Carolyn Jones sitting in a scene from the film Career, 1959
Carolyn Jones sitting in a scene from the film Career, 1959 Paramount/Getty Images

A talent scout for Paramount Pictures caught one of Carolyn Jones’ performances at the Pasadena Playhouse, and she was signed to a contract with the studio. It seems as though she was on her way, but there were still issues that she had to deal with

6. The benefits of a nose job

Carolyn Jones, 1950s
Carolyn Jones, 1950sCourtesy James Plyant

It may sound unbelievable, but the career of Carolyn Jones really began to take off after she underwent a nose job, which her grandfather paid for as well. Muses Plyant, “She was not going to get the job offers without it. And everything did change following it; she was treated completely differently by Hollywood. That’s why, years later, she jumped at the chance to be in an episode of Dr. Kildare in a story about a woman who has a nose job. She related to that character so much. The story was about the aftereffect of the surgery and the character’s resentment over how men, who used to reject her, treated her differently. She had that in real life, too.”

7. Going blond seemed to help… a bit

In 1953, the Abilene Reporter-News featured an interview with the actress, in which she stated that to make it in Hollywood, you have to focus in equal amounts on talent and grooming. “Making my hair blond,” said Carolyn, “was an indefinite color and as soon as I became a definite blond, I was signed to a term contract at Paramount. My experience is that you get more attention as a blond, and this gives you confidence and a chain of constructive reaction begins.”

That might be true, but the results weren’t immediately apparent. As Geoffrey Mark points out, the studio system was falling apart around that time, which meant that performers were having to fend for themselves.

“She began getting small parts in good films, but there wasn’t an abundance of work. What she did, was to decide to take a risk and cut her long golden hair really short and dyed it jet black. At that point, Hollywood did notice. Producers started asking, ‘Wow, who is this girl?’ She began to be nominated for awards and did films with Frank Sinatra and Elvis Presley. Her fame began to grow. She was able to stand out.”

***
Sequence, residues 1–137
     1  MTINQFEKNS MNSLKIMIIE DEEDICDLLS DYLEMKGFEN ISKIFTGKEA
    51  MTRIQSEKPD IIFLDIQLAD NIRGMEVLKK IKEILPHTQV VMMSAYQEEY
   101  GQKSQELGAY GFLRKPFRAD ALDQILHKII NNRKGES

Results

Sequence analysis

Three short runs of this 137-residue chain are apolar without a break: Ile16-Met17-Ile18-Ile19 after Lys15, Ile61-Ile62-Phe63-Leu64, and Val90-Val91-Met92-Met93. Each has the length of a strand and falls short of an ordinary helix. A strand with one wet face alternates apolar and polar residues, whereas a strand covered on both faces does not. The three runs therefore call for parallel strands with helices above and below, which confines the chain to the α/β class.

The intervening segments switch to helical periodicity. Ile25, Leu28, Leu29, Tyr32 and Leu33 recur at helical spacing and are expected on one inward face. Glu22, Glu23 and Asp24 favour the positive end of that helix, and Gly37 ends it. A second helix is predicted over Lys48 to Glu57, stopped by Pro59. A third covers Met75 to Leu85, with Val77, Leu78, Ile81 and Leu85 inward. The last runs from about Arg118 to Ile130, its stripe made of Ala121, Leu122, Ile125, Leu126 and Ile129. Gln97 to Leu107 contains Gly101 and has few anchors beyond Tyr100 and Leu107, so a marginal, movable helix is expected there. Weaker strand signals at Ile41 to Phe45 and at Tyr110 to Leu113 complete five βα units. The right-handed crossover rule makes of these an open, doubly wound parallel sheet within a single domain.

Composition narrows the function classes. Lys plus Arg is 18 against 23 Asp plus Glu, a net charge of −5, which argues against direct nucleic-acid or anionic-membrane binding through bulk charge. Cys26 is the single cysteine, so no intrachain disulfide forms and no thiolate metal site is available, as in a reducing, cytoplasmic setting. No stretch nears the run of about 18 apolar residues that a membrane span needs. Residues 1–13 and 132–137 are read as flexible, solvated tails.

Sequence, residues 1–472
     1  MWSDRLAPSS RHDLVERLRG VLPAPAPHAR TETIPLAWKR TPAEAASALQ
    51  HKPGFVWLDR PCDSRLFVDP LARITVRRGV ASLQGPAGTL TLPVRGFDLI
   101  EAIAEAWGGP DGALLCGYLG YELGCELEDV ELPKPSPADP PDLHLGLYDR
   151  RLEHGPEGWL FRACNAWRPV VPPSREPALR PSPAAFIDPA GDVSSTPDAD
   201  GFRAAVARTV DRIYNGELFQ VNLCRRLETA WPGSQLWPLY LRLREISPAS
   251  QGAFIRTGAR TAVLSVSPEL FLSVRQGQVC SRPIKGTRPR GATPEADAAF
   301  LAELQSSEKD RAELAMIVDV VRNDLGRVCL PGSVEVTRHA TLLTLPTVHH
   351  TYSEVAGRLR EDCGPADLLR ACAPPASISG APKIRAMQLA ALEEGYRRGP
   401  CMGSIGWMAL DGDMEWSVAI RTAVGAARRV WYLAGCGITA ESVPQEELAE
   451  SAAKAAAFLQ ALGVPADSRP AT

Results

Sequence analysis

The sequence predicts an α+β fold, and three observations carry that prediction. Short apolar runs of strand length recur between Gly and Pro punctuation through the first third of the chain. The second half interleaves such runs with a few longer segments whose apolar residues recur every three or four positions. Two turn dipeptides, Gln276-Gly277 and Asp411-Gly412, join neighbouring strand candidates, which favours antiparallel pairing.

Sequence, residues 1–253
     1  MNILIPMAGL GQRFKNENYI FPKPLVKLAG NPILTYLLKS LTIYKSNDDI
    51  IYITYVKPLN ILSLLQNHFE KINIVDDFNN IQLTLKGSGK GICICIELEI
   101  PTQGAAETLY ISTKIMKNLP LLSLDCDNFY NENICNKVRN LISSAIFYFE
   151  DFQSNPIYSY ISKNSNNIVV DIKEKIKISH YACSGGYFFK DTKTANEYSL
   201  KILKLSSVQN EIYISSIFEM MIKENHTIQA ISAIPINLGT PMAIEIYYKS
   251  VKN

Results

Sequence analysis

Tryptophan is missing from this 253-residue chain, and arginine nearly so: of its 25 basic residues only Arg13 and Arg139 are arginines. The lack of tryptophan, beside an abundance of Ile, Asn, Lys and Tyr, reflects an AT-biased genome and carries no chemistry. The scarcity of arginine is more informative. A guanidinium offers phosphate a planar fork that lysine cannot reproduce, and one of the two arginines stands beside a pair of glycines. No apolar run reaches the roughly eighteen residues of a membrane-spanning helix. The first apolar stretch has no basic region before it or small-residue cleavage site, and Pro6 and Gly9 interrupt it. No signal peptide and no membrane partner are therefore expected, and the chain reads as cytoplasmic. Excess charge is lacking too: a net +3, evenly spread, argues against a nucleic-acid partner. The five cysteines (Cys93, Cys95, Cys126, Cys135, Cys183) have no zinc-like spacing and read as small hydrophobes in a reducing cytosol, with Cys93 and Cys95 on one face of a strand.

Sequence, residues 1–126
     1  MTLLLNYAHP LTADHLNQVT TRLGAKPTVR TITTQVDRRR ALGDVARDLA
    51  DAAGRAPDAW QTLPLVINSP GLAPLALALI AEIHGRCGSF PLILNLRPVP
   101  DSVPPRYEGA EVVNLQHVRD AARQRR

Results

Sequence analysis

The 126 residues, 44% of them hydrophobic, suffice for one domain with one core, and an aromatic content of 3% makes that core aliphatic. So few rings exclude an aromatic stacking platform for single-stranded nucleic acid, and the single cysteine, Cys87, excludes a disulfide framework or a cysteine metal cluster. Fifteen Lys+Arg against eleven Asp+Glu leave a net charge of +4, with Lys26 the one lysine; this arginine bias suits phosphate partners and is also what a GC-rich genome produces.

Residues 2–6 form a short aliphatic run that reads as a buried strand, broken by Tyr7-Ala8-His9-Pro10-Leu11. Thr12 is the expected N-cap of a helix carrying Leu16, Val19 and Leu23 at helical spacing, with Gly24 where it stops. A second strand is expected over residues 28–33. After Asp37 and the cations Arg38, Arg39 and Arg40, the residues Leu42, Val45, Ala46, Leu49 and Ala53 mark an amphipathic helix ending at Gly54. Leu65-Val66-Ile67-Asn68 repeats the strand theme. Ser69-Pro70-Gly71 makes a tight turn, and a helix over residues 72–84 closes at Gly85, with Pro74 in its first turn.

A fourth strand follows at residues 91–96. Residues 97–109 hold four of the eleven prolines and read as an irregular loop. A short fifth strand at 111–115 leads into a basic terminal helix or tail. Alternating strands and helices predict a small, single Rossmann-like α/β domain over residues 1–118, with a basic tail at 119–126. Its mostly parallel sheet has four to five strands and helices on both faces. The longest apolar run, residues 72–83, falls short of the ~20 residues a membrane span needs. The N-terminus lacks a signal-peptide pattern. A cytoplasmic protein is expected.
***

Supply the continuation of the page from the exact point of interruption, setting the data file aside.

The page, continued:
The Presley film was 1958’s King Creole while Sinatra’s was 1959’s A Hole in the Head.

8. Carolyn believed in the power of being a brunette

Carolyn Jones signing autographs with Canadian actor Jack Kruschen, circa 1955
Carolyn Jones signing autographs with Canadian actor Jack Kruschen, circa 1955 Graphic House/Archive Photos/Getty Images

“When I was a blond,” the actress suggested to the media in 1956, “people used to look at me and think I was sexy and feather-headed. But a brunette is a chase and conquer type girl. And as a blond, I was in competition with the Mansfields and Monroes. I spent the majority of my life trying to be an actress, not a sexpot. Now as a brunette, I feel I’ve come into my own.”

According to James Plyant, she made it clear in her diary that she actually resented all the physical changes she had to put herself through: “She felt that she was passed over for some roles because she wasn’t pretty enough. I think she looked at people not being sincere with her, because they suddenly wanted her when, previously, they had rejected her.”

9. Ageism was yet another problem

Carolyn Jones
Carolyn Jones John Springer Collection/CORBIS/Corbis via Getty Images

Plyant points out that by the time Carolyn Jones reached her mid-thirties, it was her feeling that the number and quality of roles were diminishing: “You know how Hollywood was at the time: 35 was considered old for an actress, and the quality roles just weren’t there. She wasn’t getting many offers, which is when television became more important in terms of her career.”